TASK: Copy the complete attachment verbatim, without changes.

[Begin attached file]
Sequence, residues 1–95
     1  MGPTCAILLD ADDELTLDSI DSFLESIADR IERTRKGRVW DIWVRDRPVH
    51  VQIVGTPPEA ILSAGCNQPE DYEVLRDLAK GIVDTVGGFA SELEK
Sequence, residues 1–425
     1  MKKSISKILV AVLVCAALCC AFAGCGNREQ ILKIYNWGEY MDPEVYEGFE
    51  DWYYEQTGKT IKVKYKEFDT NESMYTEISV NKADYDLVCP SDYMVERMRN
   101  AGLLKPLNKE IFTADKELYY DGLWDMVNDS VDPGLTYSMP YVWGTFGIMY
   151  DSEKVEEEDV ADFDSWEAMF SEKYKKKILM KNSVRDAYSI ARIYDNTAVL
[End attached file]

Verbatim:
Sequence, residues 1–95
     1  MGPTCAILLD ADDELTLDSI DSFLESIADR IERTRKGRVW DIWVRDRPVH
    51  VQIVGTPPEA ILSAGCNQPE DYEVLRDLAK GIVDTVGGFA SELEK
Sequence, residues 1–425
     1  MKKSISKILV AVLVCAALCC AFAGCGNREQ ILKIYNWGEY MDPEVYEGFE
    51  DWYYEQTGKT IKVKYKEFDT NESMYTEISV NKADYDLVCP SDYMVERMRN
   101  AGLLKPLNKE IFTADKELYY DGLWDMVNDS VDPGLTYSMP YVWGTFGIMY
   151  DSEKVEEEDV ADFDSWEAMF SEKYKKKILM KNSVRDAYSI ARIYDNTAVL